I was for the first time on my way to Africa. From the airplane, at one point, it seemed like I saw Gibraltar, but now that I think about it, it seems a bit unlikely. They offer newspapers, but I refuse. I don’t feel like reading that nonsense. I’m absorbed in your novel, and it’s more than enough for me. I want to forget about everything else. With a little trick, I manage to secure a seat by the window all to myself. Next to me, there’s a Turkish man who’s come from London, calm as can be, and I’m calm too. On the way back, I know I’ll have to deal with Alison, the Black Hunchback, but on the return journey, it will be different. Right now, everything is new. I fly over Sicily and Malta, and soon I’ll see the coasts of Africa. It’s all new, new to my eyes, and it has to be all mine and mine alone.
I like to record what I hear and think because then I’ll rewrite everything for you. The only thing that comes to mind is Carla and her writing course and the nonsense she made us write. Automatic writing helps to open up and it’s a great exercise. For idiots, that is. I already know that soon I’ll become banal and clingy, so I’ll stop taking notes, and what follows is just what I remember, the yellow pages are blank… but the truth is, I couldn’t hold the pen any longer.
The plane starts a nice cha-cha-cha dance. Sicily is no longer visible as we enter a mega turbulence, and clouds appear, and after a few minutes, the plane seems enveloped in cotton candy.
I wait for the blue to return, but it won’t come, and I remember that I used to be claustrophobic, damn it, I had it all at one point. For a while, I like thinking about this cotton candy thing, but then I start sweating, thinking about all the nonsense people say to those who are afraid of flying. It’s a different story when you’re on it, it really is. The turbulence increases, and so does the anxiety, discreet at first, then indecent, and my hands start to drip. Either I close your manuscript, or I soak it all, and then the paper will ripple and bother me. My glances at the flight attendants become more frequent and insistent. If I look at them and see them calm and busy, the fear subsides. But those bitches are nowhere to be seen.”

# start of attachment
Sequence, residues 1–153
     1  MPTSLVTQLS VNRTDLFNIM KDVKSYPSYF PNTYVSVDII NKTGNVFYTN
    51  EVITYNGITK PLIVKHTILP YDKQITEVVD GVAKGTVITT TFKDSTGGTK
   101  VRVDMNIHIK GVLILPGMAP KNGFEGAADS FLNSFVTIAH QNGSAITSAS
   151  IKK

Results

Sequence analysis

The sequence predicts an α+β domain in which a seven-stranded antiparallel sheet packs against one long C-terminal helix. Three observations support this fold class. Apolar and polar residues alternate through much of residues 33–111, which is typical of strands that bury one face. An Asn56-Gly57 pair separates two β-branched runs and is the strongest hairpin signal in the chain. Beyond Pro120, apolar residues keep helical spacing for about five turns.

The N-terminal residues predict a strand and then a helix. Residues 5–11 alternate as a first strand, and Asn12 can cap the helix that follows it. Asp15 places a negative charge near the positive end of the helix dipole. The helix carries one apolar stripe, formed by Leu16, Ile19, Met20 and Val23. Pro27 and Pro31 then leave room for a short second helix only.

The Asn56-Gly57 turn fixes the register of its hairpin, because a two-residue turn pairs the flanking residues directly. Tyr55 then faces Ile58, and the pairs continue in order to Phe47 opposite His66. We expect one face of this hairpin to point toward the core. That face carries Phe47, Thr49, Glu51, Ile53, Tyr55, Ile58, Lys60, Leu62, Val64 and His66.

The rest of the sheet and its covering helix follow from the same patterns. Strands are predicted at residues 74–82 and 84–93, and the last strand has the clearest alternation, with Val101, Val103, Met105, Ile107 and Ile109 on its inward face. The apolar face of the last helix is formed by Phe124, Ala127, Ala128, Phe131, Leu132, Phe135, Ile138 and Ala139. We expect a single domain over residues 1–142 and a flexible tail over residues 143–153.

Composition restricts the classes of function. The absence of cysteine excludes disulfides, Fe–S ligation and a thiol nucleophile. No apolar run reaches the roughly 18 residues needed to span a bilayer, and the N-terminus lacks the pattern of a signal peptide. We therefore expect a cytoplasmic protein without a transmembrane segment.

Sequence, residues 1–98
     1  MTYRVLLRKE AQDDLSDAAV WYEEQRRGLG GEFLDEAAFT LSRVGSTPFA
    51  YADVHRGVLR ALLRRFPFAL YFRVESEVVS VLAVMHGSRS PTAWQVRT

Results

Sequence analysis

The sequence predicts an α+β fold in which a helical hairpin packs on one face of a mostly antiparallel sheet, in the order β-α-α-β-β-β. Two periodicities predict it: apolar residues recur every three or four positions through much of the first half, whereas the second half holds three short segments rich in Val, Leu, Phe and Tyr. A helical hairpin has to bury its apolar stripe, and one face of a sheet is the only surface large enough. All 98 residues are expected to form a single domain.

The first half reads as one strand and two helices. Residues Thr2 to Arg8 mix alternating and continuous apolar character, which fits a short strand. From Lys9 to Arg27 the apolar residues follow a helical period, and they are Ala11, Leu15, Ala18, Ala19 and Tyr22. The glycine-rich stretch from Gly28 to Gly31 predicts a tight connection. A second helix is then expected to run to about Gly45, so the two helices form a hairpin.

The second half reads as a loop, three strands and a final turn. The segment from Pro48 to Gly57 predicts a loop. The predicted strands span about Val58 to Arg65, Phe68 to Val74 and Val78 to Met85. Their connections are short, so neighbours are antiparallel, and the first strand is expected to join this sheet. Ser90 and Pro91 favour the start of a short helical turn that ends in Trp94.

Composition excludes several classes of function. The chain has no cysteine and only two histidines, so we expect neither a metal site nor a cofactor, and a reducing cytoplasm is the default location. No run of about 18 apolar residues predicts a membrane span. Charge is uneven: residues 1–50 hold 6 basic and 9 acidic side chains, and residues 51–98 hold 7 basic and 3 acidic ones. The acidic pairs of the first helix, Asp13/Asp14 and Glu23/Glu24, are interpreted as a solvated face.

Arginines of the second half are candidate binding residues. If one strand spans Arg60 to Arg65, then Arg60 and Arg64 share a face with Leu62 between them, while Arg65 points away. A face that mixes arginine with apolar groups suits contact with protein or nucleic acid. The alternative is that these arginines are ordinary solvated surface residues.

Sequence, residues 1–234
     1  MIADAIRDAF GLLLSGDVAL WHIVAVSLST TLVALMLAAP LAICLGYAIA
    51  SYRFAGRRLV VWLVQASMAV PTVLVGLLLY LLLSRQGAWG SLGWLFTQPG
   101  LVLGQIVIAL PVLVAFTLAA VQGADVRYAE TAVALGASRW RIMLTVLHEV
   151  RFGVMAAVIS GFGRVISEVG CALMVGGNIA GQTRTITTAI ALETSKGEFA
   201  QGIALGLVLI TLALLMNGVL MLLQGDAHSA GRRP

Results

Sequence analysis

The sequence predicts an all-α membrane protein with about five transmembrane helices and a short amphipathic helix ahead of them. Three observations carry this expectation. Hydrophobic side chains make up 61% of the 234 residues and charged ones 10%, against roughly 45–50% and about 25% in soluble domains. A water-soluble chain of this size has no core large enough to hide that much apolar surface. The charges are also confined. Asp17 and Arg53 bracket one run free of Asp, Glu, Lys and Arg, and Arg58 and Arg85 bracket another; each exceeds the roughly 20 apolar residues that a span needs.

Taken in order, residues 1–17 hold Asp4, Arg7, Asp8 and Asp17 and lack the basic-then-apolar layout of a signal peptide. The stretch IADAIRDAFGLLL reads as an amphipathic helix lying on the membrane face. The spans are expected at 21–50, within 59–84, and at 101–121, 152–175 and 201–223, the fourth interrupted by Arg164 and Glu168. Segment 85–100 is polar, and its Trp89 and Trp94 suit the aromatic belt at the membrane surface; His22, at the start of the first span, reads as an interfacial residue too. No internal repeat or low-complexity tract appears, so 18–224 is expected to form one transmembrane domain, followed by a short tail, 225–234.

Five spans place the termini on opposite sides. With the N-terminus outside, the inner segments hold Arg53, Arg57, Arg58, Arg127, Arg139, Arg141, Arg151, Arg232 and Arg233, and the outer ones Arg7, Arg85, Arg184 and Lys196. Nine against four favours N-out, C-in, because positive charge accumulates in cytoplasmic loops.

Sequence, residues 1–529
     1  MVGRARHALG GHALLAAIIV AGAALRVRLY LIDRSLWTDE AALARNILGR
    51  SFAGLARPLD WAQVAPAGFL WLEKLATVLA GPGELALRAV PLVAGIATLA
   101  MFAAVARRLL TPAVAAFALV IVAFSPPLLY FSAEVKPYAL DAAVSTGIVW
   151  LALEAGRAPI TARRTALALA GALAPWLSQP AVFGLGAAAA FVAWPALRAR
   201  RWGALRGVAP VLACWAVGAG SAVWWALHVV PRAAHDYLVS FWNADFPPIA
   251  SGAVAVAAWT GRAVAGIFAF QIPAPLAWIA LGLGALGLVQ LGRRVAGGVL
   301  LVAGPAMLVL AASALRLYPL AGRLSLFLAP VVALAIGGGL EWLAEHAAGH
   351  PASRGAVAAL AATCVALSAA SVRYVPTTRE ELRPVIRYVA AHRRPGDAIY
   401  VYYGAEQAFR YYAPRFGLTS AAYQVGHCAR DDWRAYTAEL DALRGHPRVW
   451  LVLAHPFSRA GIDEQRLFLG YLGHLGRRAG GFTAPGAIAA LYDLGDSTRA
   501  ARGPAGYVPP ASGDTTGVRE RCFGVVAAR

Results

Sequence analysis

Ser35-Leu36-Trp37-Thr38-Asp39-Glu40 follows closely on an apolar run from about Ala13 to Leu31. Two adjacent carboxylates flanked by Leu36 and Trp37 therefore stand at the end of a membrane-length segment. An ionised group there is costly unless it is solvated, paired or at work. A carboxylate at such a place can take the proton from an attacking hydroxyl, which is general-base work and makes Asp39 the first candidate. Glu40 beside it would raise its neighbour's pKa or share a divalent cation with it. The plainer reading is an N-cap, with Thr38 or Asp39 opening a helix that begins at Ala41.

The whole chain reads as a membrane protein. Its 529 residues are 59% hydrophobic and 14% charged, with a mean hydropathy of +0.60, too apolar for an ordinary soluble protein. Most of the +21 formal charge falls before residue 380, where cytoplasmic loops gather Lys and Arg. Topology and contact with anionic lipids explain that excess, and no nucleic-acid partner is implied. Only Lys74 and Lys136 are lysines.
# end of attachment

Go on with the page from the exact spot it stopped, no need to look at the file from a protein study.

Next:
In solis sis tibi turba locis
I continue with the hypothesis of the Kurdish terrorist and quickly go over the types of people who boarded with us and were on the bus, trying to figure out who could be the wretched hijacker. The plane continues its wild dance, I see Alison appearing and disappearing from the seat back, drawing and looking at me questioningly, and I feel like a wicked mother. Nathalie was right, God, she was right, and my mother too when she says, “Why don’t you stay at your own house and tidy up the rooms or choose a sink and bathtub? It’s been six months since you’ve been washing up at my place, and I can’t stand mopping the floor of my bathroom anymore.” Then it’s my father’s turn, I see his bored face and think, “What the hell did Tunisia have to do with it? Why didn’t you go to San Marino or see the miniature Italy instead?”
They were all right, and now it’s time for my symbolic funeral, and I see their faces swaying, murmuring, “I told her so!” The jolts intensify, and the plane descends a few meters, with my stomach wanting to follow suit. Thank goodness I didn’t eat, but why should it be my plane that crashes? I ask myself that question on every flight. Even this fear is part of the obsession of being unique. On every flight, I repeat the question to myself, “Why me?” But then I answer myself as well, “Why not?” Then the hypothesis of a plane malfunction arises, and I already hear suspicious whispers. After that, it’s the turn of the drunk pilot because he’s fed up with life, and finally, the unexpected, the unforeseeable. Thank goodness all these bullshit conjectures pass the time, even though it’s easy to say now. Up there, it felt like an eternity.
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